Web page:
Recent Media Reports & Court Records Conflict with FBI Statements to Congress
WASHINGTON – Senate Judiciary Committee Chairman Chuck Grassley today is calling on the FBI to explain its advance knowledge and any plan to thwart a 2015 terrorist attack in Garland, Texas. Grassley’s questions follow recent media reports revealing that an undercover FBI agent was not only in communication with the terrorists weeks before the attack, but the agent was also at the scene taking pictures of the terrorists seconds before the shooting began. However, in 2015, FBI Director James Comey indicated that the Bureau was not aware of the perpetrator’s plans to travel to Garland or of any plans to carry out the attack.
According to news reports, an undercover FBI agent had been in communication over social media with one of the terrorists, Elton Simpson, in the weeks leading up to the terrorist attack. In one of the communications with the undercover agent, Simpson shared a link to information about the “Draw Prophet Muhamad Contest,” to which the agent replied, “Tear up Texas.” Simpson replied, “Bro, you don’t have to say that,” and “No need to be direct,” and referenced a terrorist attack in Paris. The day of the attack, the agent was in a car directly behind Simpson and his associate, Nadir Soofi, near a police checkpoint. The agent was taking photos of the terrorists just before the shooting began. A local police officer fatally shot both terrorists.
Despite the communications between the agent and Simpson, as well as court filings and news reports that reveal the agent was present at the scene during the attack, Comey told reporters in the days following the attack that the FBI had no reason to believe that Simpson intended to attack the event and was unaware of any plans to travel to Garland.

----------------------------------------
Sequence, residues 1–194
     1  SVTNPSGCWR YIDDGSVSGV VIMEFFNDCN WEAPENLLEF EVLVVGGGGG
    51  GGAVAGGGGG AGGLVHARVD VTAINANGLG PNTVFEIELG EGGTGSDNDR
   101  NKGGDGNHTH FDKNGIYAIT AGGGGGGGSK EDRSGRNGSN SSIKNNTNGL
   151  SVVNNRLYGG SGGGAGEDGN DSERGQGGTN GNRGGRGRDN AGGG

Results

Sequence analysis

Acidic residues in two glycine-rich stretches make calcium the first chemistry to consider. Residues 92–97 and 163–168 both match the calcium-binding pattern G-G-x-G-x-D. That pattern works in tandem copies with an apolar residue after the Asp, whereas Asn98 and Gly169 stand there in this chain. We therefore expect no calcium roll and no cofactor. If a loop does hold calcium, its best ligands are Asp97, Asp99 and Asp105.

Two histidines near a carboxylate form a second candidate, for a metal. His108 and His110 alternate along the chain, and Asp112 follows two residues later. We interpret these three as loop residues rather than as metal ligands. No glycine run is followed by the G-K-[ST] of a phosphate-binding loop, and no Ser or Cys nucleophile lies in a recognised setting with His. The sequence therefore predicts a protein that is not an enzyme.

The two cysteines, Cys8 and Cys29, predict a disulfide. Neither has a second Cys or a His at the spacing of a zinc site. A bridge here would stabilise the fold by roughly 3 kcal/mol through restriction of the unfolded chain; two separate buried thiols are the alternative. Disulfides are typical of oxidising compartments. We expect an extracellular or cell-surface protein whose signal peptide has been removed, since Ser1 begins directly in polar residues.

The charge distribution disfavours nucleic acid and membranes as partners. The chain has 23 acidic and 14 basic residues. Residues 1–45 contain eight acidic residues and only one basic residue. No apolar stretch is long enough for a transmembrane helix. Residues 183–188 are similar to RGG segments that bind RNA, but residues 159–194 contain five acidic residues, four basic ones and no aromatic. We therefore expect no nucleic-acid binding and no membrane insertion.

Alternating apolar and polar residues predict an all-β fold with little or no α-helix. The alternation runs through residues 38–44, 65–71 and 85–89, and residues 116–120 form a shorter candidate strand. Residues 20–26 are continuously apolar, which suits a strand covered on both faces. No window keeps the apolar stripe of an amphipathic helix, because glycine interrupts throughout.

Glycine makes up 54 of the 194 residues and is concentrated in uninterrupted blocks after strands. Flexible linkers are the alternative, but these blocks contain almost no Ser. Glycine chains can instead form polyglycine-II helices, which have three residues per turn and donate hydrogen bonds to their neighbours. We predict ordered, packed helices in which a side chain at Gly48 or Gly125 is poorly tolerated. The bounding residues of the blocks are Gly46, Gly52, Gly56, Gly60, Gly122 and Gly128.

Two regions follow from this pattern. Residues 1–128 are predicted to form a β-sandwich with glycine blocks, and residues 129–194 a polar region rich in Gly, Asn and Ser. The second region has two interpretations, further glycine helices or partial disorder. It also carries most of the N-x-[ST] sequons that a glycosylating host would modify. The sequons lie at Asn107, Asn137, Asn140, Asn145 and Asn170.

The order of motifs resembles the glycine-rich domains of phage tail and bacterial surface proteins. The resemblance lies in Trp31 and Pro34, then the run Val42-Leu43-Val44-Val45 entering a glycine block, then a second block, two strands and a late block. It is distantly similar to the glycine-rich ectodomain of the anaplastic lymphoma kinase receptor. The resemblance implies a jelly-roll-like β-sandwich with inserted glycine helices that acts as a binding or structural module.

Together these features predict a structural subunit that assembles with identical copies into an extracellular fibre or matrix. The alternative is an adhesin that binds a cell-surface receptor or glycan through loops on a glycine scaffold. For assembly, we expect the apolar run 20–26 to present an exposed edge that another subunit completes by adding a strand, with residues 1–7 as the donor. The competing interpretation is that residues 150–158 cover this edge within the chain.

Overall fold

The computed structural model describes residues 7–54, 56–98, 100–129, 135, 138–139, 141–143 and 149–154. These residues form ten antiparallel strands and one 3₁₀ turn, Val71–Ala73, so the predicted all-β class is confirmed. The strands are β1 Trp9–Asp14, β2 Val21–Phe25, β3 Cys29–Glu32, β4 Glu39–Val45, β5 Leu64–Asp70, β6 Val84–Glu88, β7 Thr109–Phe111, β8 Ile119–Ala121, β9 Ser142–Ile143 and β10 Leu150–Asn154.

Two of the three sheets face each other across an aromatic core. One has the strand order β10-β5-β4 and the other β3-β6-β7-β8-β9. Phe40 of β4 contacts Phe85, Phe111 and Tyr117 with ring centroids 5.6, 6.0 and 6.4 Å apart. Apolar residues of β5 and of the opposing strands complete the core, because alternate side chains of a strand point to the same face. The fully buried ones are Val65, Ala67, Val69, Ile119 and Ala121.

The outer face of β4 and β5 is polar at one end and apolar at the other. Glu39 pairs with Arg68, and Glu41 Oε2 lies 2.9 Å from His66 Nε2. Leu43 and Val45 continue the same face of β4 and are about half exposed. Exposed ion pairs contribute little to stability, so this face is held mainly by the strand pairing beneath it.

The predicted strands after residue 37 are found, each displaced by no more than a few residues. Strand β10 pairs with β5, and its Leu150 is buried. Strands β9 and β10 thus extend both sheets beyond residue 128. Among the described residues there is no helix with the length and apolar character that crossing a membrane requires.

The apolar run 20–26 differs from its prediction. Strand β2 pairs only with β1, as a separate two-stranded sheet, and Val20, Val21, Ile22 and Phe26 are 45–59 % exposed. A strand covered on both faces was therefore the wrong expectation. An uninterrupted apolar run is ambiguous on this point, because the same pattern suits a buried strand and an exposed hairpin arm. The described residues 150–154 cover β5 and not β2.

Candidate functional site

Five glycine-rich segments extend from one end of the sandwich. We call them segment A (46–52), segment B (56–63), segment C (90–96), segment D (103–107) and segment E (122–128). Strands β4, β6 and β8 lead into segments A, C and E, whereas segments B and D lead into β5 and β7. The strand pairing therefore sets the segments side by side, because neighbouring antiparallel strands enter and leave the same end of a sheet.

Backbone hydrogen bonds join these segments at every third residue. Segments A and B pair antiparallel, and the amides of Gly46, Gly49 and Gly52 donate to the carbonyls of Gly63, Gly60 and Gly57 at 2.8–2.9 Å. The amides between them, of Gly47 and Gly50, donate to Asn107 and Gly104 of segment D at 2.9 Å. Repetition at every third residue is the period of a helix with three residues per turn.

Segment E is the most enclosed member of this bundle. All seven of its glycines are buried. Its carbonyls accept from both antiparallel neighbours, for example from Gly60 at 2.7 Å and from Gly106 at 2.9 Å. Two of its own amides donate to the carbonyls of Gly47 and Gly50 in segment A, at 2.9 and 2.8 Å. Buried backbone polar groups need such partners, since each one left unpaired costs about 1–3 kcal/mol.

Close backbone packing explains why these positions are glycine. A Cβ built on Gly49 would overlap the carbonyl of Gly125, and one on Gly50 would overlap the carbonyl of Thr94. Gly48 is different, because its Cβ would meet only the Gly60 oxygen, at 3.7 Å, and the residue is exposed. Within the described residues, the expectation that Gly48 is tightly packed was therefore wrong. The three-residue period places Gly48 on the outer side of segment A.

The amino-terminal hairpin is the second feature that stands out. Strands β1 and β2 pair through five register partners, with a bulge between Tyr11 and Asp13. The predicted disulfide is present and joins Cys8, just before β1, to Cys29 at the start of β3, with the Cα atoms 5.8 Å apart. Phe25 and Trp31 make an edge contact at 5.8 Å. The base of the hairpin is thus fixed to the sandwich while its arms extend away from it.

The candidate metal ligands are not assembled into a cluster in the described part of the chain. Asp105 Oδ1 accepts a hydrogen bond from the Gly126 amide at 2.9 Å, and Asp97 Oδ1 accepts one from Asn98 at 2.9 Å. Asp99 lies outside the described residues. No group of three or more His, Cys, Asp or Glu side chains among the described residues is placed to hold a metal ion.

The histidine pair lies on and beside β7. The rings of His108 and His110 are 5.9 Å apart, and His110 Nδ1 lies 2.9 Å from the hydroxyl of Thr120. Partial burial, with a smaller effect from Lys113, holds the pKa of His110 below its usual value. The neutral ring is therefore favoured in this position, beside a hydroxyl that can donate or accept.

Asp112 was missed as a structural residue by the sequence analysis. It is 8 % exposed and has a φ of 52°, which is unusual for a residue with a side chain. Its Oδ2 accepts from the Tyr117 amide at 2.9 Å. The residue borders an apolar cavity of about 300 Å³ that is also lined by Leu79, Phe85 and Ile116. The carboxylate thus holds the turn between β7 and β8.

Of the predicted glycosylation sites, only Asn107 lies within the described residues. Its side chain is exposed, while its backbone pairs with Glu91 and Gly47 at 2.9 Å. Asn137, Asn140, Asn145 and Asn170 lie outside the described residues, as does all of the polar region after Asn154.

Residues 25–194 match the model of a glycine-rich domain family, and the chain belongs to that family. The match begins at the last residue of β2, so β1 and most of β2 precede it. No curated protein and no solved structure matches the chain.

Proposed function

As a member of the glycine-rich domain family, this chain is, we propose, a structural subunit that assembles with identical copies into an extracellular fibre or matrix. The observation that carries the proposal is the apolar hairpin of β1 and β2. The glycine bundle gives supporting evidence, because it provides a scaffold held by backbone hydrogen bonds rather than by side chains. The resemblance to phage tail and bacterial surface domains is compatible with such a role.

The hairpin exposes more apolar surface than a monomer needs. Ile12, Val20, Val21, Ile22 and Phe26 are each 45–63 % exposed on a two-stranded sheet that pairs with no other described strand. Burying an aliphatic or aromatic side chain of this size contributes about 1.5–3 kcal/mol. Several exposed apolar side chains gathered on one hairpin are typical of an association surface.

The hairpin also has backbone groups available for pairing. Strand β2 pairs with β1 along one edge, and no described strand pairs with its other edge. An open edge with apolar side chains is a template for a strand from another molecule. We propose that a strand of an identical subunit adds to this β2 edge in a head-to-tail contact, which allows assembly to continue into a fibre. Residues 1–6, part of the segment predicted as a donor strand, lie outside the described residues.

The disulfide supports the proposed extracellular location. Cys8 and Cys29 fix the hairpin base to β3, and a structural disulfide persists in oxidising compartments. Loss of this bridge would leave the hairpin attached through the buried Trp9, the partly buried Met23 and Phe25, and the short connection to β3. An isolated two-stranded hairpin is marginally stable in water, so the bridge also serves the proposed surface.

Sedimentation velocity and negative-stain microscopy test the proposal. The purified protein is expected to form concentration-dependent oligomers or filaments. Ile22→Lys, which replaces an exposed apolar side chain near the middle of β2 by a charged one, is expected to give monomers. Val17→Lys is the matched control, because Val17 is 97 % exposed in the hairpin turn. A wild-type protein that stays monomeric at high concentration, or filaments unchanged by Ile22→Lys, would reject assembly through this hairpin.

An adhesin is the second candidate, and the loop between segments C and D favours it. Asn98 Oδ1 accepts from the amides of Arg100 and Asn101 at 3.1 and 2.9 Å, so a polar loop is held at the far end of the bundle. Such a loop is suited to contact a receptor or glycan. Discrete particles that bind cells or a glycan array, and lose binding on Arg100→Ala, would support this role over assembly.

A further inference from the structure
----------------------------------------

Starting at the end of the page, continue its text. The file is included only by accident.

In a letter today to Comey, Grassley is seeking details on the circumstances surrounding the FBI’s investigation into Simpson, including when it became aware that the agent was traveling to Garland, whether it suspected Simpson of planning an attack and what plans were in place to intervene.
Comey is scheduled to testify at an FBI oversight hearing before the Senate Judiciary Committee on May 3.
Full text of Grassley’s letter follows:
April 27, 2017
VIA ELECTRONIC TRANSMISSION
The Honorable James B. Comey, Jr.
Federal Bureau of Investigation
Washington, D.C. 20535
Dear Director Comey:
I write regarding newly revealed information about the attempted terrorist attack in Garland, Texas. A CBS 60 Minutes segment that aired on March 26, 2017, revealed that an undercover FBI agent who had been communicating with one of the terrorists just weeks before the attack, had travelled to Garland, was present at the scene of the attack, and took photos of the terrorists moments before the attack. This revelation appears to contradict your statement in 2015 that the FBI did not know that Simpson was travelling to Garland and did not have any indication that Simpson planned to attack the event.
This revelation also contradicts information you reportedly provided in 2015 to Homeland Security and Governmental Affairs Committee Chairman Ron Johnson. The FBI allegedly continues to stonewall Chairman Johnson’s requests for information by refusing to provide a briefing to committee staff. The FBI’s complete lack of transparency to Congress on this issue is unacceptable. Accordingly, I write today to request information about the FBI’s advance knowledge of and operational plans related to the attempted attack.
On May 3, 2015, Elton Simpson and Nadir Soofi pledged their allegiance to ISIS on Twitter and planned to attack an event at the Curtis Culwell Center in Garland, Texas, where participants were drawing the prophet Muhammad. When the terrorists opened fire at a police checkpoint outside of the event, police officer Greg Stevens fatally shot Simpson and Soofi, preventing what was evidently planned to be a large-scale attack. Apparently, an undercover FBI agent was in a car directly behind Simpson and Soofi and took pictures of the terrorists just seconds before the attack.